Pakistan floods have affected six-13 million, undermining government and boosting military and Taliban (+ analysis); Netanyahu says flotilla raid legal, blames Turkey; Bali bomber Abu Bakar Bashir detained by police; North Korea snatches South Korean fishing boat; and more
Top of the Agenda: Pakistan Flooding Disaster Continues
Flooding in Pakistan, which began almost two weeks ago amid heavy monsoon rains, has now affected more than six million people, the UN said Sunday. The government estimate is higher, at over thirteen million (Dawn). At least 1,600 people have been killed and huge swaths of crops destroyed in the worst deluge in Pakistan's sixty-three-year history. The floods have moved to the southern province of Sindh and threaten an important food barrier (BBC). More rains are forecasted, while the worst-affected districts are already seeing outbreaks of malaria and diarrhea (Bloomberg).
The government faces criticism for its poor response to the floods and public anger over President Asif Ali Zardari's ill-timed visit to Europe. Some analysts say the government's actions could damage the country's fragile democracy (McClatchy), as the powerful military establishment gains stature with its emergency relief work. The Washington Post reports Pakistani officials are concerned that the devastation caused by the floods could lead to a Taliban resurgence in the northwest, one of the worst-hit regions. Islamic charities, including ones that are known fronts for banned militant groups, have already begun distributing assistance in some areas.
In this Foreign Policy blog, Pakistan analyst Amil Khan says challenges in reforming governance are compounded by international interventions that seek to "further cement the power of Pakistan's incumbent, mostly military elites."
The Economist looks at how recent events have intensified pressure on the country's unpopular president.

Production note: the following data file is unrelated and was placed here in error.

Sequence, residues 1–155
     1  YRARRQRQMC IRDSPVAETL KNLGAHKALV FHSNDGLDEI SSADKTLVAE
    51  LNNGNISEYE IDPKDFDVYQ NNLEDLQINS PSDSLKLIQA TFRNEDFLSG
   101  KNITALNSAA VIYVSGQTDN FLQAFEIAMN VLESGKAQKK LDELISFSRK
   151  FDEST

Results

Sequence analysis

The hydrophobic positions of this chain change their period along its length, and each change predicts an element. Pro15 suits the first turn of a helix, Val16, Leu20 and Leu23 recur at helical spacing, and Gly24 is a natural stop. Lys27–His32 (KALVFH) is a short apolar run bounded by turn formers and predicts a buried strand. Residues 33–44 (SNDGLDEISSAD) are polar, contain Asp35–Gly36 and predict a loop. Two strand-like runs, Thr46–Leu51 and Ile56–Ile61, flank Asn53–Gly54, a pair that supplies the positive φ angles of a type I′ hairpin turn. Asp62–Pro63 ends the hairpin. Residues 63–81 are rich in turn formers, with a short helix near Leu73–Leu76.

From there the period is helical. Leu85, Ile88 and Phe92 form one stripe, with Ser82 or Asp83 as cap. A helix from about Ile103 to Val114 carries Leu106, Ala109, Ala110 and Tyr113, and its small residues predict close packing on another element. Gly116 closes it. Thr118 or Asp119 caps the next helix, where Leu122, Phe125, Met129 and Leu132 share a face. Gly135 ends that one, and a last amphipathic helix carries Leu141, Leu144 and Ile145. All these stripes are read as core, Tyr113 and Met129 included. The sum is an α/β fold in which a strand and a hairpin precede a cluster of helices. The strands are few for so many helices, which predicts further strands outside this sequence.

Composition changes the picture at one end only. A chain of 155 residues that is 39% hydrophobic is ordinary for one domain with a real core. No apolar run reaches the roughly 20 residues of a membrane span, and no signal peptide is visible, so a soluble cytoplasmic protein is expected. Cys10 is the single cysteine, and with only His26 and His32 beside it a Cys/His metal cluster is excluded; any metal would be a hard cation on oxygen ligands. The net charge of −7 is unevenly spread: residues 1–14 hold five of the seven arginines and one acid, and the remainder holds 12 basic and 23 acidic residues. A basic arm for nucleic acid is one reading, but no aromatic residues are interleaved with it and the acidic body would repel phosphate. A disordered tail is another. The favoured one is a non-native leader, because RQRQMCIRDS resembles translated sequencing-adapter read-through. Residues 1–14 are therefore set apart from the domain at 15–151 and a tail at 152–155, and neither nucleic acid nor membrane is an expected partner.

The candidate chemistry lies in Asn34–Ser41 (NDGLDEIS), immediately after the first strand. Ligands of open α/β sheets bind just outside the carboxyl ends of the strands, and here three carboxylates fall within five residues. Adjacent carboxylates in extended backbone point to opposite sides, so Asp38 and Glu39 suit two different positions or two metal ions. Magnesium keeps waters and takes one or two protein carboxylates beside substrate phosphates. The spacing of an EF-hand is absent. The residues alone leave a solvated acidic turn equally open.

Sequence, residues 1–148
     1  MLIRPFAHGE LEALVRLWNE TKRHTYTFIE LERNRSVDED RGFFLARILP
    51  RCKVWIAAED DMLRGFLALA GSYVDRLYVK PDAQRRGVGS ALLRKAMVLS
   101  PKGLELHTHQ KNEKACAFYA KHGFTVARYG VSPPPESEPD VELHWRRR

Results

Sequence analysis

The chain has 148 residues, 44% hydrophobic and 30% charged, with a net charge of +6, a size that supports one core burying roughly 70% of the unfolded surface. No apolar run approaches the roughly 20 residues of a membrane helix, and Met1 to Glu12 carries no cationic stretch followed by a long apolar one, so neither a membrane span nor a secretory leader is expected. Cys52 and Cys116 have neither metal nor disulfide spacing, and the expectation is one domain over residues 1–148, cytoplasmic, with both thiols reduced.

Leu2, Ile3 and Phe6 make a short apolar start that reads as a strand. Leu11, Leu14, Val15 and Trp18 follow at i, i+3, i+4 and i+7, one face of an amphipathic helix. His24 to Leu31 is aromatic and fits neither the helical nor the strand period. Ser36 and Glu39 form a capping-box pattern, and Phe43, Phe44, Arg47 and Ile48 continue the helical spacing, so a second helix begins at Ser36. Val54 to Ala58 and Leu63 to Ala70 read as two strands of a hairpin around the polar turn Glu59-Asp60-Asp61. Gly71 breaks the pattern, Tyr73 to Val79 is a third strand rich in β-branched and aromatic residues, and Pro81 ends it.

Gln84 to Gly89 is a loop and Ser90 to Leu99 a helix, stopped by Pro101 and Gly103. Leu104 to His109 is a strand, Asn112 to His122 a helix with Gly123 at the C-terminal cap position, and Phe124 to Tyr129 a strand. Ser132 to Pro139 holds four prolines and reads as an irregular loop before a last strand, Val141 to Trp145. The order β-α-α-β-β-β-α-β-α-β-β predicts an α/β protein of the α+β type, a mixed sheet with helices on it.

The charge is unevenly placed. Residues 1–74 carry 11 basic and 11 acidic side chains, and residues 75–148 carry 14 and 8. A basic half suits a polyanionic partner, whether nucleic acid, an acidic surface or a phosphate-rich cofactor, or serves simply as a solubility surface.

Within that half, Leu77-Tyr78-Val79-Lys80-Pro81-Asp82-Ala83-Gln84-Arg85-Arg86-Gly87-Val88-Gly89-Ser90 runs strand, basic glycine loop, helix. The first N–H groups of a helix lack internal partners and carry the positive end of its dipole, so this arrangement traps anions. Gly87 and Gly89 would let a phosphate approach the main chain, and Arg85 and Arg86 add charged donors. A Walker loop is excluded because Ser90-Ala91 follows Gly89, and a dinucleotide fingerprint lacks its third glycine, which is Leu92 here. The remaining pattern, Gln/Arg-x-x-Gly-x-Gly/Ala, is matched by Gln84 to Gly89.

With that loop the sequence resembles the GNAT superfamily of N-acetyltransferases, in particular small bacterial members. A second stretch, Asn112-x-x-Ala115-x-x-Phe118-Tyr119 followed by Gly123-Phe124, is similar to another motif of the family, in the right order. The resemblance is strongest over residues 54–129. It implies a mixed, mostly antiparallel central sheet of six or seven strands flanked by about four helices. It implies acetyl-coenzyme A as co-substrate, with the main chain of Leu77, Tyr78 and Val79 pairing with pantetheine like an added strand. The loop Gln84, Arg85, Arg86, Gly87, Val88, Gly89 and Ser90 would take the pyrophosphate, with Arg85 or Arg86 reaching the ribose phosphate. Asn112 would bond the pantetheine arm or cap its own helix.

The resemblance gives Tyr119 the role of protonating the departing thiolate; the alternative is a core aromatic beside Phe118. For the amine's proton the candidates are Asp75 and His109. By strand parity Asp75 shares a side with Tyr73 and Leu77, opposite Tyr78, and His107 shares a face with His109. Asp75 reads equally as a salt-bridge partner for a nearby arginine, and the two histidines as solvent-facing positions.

This CFR Analysis Brief looks at the Pakistani government's capacity to deal with the floods and says international support for Pakistan is critical.
PACIFIC RIM: Indonesia Arrests Cleric on Terror Charges
Radical Indonesian cleric Abu Bakar Bashir has been detained (BBC) for links to terrorist group Jemaah Ansharut Tauhid (JAT). Officials say he helped set up and fund an Islamic militant training camp in Aceh, uncovered by police in February. Bashir has been arrested twice before for involvement with militant group Jemaah Islamiyah--blamed for at least three deadly attacks, including 2002 Bali bombings--and spent two-and-a-half years in prison.
This report from the International Crisis Group says JAT, founded by Bashir in 2008, is an ostensibly above-ground organization which has "embraced individuals with known ties to fugitive extremists."
North Korea: North Korea seized a South Korean fishing boat (ChosunIlbo) and its seven-member crew. South Korea's coast guard said the boat was detained in the Sea of Japan after entering the North's exclusive economic zone, where foreign fishing boats are banned. Tensions have been high on the Korean peninsula since the North sank South Korean naval ship Cheonan in March. A new CFR Task Force Report warns that North Korea's continued provocations pose a serious threat to its neighbors and that its nuclear weapons program must be stopped.
This is an excerpt of the CFR.org Daily News Brief. The full version is available on CFR.org